What is covered by the Statutory Scheme?
Employees that transfer to the buyer will be paid out of the NIF for arrears of wages and for any holidays that have already been taken. They will not receive statutory redundancy payments, payment in lieu of accrued but untaken holiday or notice pay, as they have not been dismissed. The buyer will remain liable for any residual contractual debts or for any sums exceeding the statutory cap or limits.
Employees that are unfairly dismissed because of the transfer will also be paid arrears of wages and any holiday pay from the NIF. They will not be paid statutory redundancy payments and notice pay, as they were not dismissed by reason of redundancy. If they bring a successful claim for unfair dismissal or breach of contract, it will be for the employment tribunal to determine joint and several liabilities between the buyer and the seller. Any employees who are dismissed for a genuine ETO reason, will be considered redundant and will be paid redundancy payments, arrears of wages, holiday pay and notice pay out of the NIF.
Whilst the statutory scheme provides some relief for prospective buyers, there remains a risk that buyers will still be liable for substantial sums. Payments are subject to weekly limits, and those covered by the fund include:
- Up to eight weeks’ wages
- Up to six weeks holiday pay
- Statutory notice pay if an employee has worked their notice period but hasn’t been paid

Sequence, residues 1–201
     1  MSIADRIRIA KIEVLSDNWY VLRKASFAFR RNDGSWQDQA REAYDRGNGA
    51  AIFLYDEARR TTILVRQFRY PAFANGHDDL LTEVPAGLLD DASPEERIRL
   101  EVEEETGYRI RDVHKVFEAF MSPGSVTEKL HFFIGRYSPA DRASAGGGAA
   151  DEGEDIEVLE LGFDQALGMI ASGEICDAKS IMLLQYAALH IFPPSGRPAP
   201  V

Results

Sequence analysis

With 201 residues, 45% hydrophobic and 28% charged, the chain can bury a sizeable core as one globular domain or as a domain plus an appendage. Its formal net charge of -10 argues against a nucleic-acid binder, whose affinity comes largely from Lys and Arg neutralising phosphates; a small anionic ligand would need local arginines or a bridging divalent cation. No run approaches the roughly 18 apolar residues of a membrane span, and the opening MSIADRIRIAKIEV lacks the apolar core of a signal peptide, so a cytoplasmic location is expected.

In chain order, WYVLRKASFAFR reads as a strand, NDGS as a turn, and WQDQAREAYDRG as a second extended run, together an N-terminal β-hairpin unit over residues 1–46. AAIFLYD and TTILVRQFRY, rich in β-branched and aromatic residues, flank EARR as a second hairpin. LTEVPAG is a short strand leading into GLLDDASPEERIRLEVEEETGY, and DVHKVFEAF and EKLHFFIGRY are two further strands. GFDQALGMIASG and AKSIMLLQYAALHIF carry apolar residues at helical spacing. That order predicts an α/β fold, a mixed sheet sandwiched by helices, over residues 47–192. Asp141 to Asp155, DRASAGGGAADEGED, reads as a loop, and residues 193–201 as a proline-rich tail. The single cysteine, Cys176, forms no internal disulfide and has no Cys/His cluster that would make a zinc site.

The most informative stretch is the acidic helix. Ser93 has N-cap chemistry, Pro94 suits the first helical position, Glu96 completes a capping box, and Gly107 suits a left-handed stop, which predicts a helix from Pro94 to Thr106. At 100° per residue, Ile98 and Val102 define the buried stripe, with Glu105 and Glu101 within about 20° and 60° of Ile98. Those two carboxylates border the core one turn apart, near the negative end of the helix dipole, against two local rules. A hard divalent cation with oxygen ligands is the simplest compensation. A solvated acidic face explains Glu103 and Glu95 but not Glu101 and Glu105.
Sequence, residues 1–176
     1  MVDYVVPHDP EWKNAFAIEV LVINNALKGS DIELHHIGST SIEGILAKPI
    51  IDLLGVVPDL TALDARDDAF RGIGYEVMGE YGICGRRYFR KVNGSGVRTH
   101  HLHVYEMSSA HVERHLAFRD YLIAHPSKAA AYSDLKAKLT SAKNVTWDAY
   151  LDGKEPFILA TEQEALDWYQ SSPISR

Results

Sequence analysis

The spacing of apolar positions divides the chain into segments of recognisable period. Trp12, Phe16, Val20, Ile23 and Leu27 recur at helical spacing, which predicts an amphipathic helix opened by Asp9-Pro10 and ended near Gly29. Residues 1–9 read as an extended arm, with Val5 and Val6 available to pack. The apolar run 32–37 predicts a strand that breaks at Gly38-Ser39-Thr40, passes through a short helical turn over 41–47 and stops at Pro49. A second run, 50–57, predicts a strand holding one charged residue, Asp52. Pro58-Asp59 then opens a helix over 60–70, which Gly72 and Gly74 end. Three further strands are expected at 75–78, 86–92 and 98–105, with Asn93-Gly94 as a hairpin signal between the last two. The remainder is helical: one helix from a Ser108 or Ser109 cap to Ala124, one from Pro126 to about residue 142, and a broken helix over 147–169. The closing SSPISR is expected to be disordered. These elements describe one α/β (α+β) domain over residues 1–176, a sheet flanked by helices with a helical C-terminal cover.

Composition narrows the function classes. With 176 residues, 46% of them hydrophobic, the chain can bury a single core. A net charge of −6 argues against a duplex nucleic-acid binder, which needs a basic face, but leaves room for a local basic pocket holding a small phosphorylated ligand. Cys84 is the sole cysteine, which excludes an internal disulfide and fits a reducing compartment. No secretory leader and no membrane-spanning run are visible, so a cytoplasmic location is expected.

- Unpaid contributions to a workplace pension.
The weekly pay is also subject to the statutory cap of £538. Any sums in excess of the above limits or the statutory cap will be the buyer’s responsibility.
Flexibility over changes to employment terms
As above, the second change to the TUPE rules in an administration is that the seller, insolvency practitioner or buyer can agree to “permitted variations” to an employees’ contract of employment. The variation must aim to safeguard employment by ensuring survival of the business. For instance, this could be a variation in respect of pay or a reduction in their holiday entitlement.
The buyer does not need the agreement of each individual employee, but must agree the variation with appropriate representatives (i.e. a trade union or employee representative).
Information and Consultation
Regardless of whether a company is in administration or liquidation, the normal rules on information and consultation under TUPE apply.
The seller is obliged to provide employee representatives with prescribed information on matters relating to the transfer and any proposed measures. It must then consult on any measures proposed in connection with the transfer. The buyer must also provide information to the seller about any proposed measures it intends to take after the transfer has taken place.
Any failure to comply with the rules on information and consultation can result in a penalty of up to 13 weeks’ pay per affected employee. Claims can be brought against the parties individually or on a joint basis; although, a buyer is jointly liable to pay any penalty, regardless of whether they were at fault.